Chicago Case Shiller Index For Condominiums vs. Houses

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Earlier this week I received a lot of flack on Cribchatter for focusing exclusively on the Chicago Case Shiller index for Single Family Homes when Chicago’s housing stock is largely condos. Case Shiller provides a separate index for condominiums, though it only goes back to January 1995, while the Single Family home index goes back to January 1987. “G” pointed out that the condo data suggests that condominium prices have not bottomed in Chicago.

So I promised to take a more in-depth look at the data. Herewith is the condo index superimposed upon the single family home data, along with the trend line for single family homes.

Case Shiller Index Chicago

I should first point out that these indices are normalized to 100 for January 2000, so they arbitrarily cross at that date. What you see from this graph is that condo prices have tracked pretty closely with single family prices until the bubble really took off, at which time single families went a bit higher. Subsequently, single family home prices dropped much more than condo prices until today when the single family index is below that for condos. Both indices hit a low point in April of 2009, after which they began to recover, recently they declined a bit more. Based upon this “G” suggested that the condo index has a really good chance of hitting a new bottom.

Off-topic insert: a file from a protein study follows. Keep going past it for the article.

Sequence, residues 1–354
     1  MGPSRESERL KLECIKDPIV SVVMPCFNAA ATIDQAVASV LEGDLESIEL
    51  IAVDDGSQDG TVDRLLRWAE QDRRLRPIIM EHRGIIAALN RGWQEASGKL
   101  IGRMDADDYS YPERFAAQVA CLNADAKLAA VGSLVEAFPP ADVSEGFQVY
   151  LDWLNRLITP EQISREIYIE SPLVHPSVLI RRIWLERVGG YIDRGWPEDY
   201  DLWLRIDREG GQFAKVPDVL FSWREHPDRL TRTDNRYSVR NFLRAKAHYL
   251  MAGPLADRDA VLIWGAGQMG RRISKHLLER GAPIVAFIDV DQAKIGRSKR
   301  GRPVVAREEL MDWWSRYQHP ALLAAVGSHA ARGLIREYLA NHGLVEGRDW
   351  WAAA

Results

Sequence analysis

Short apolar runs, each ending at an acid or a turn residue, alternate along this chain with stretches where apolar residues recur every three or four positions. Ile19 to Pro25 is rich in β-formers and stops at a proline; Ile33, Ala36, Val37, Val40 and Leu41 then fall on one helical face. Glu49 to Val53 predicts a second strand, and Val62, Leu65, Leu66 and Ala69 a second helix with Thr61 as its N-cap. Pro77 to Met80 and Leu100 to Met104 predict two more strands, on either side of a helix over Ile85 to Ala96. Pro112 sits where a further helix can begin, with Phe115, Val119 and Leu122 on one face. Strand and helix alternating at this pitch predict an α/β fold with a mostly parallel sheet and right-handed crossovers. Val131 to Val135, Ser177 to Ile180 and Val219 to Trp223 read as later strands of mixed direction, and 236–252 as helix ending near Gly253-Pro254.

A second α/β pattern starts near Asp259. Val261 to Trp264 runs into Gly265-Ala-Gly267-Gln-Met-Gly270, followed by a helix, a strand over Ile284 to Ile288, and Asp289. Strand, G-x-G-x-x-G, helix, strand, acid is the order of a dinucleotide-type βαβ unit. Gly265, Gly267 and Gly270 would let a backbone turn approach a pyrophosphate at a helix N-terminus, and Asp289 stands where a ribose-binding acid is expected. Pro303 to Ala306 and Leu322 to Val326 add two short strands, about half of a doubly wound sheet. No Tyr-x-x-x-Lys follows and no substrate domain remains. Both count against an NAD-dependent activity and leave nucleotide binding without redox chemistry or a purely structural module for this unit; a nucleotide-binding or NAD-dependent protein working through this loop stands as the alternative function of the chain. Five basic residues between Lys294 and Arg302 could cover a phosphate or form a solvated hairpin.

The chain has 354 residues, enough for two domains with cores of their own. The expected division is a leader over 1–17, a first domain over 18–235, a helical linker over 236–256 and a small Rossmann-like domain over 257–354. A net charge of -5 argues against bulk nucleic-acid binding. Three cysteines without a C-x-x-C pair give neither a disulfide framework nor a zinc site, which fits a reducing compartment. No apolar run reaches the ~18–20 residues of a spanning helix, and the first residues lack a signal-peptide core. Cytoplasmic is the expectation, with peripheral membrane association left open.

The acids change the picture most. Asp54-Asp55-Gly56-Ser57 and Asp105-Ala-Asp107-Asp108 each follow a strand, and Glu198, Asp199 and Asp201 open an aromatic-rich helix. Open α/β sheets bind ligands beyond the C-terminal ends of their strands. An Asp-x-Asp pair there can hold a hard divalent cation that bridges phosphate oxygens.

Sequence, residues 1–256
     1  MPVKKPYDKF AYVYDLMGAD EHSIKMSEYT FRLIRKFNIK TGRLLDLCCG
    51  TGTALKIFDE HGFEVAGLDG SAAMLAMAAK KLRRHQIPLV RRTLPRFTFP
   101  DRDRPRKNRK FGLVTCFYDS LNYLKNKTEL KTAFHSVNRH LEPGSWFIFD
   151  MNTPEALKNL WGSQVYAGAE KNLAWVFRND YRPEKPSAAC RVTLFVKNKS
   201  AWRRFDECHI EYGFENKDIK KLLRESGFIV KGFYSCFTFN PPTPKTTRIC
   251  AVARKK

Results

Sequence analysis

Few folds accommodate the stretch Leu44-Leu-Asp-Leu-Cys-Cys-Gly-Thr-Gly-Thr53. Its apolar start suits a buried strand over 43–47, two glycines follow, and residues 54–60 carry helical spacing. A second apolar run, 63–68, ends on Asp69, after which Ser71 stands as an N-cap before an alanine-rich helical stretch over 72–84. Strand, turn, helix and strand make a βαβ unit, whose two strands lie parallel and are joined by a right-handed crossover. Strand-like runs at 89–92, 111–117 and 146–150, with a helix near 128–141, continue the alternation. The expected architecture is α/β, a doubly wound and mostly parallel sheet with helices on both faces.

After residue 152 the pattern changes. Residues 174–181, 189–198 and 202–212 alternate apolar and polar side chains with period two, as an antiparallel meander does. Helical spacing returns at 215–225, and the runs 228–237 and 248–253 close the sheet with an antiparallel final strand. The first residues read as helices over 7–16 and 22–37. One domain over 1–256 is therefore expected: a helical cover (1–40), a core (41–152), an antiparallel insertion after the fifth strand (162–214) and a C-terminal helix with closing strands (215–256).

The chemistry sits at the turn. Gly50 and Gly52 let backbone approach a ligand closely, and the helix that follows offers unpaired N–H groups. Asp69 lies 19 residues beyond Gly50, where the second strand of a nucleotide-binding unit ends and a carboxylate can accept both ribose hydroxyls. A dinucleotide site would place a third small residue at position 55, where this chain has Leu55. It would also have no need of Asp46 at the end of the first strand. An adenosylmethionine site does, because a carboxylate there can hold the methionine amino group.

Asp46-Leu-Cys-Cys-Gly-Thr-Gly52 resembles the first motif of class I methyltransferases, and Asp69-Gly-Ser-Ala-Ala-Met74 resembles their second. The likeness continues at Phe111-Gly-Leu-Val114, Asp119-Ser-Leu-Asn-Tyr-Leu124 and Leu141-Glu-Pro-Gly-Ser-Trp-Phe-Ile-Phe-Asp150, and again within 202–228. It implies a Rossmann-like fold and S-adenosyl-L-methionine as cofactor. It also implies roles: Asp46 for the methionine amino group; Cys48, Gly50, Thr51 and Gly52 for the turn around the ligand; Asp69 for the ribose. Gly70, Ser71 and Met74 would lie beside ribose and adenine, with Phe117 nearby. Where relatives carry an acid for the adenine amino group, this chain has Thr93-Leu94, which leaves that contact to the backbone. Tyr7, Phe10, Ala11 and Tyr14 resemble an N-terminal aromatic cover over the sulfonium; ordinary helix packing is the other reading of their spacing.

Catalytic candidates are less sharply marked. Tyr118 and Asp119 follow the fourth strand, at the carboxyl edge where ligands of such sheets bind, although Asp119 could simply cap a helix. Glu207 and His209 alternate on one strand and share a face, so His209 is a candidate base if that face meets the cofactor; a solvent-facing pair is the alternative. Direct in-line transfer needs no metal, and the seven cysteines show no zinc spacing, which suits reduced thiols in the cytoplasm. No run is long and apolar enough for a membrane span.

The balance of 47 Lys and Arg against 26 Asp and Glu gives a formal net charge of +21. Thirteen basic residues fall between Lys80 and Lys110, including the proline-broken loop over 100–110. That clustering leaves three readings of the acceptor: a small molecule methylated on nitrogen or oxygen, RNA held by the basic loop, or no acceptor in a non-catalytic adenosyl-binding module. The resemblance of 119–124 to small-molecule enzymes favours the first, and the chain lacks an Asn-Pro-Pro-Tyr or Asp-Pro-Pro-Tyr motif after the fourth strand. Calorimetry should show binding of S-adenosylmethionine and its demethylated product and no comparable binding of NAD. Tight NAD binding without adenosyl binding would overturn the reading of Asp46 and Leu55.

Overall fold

In order to gain perspective on that claim I tried a couple of different analyses. First, I looked at the historic ratio of the two indices – the single family home index divided by the condo index. Since in the long run the two classes of housing should appreciate at the same rate one would expect the ratio to fluctuate around a constant value.

The only “normal” period is from 1995 – 1998 (pre-bubble), when the ratio of the indices averaged 1.027. That’s a pretty short period in which to attempt to determine a normal ratio. After that you can see how the ratio peaked at 1.05 as single family home prices grew faster than condos and then dropped to almost .9 as they crashed faster than condos. However, even if we expect the ratio to climb back above 1 there are two ways for that to happen: either single family home prices can climb or condo prices can fall further. Given that the single family home price index is well below the trend line I would expect the former.

The other perspective I tried was to develop a trend line for condo prices. Since we don’t have much history I borrowed the single family trend line and adjusted it for the average ratio of the two indices from 1995 – 1998.

Based upon this trendline it looks like condo prices in Chicago have returned to trend. Of course, that doesn’t mean that condo prices can’t fall below trend but I can’t believe they can fall much further. While single family homes overshot on the downside, they were falling from a bit higher level than condo prices. I would also expect the two classes of housing to be subject to the same economic factors – i.e. they peaked around the same time and they both hit a low point in April. Perhaps they are climbing out of this quagmire together.

We should know a lot more in the next few months.

Gary Lucido

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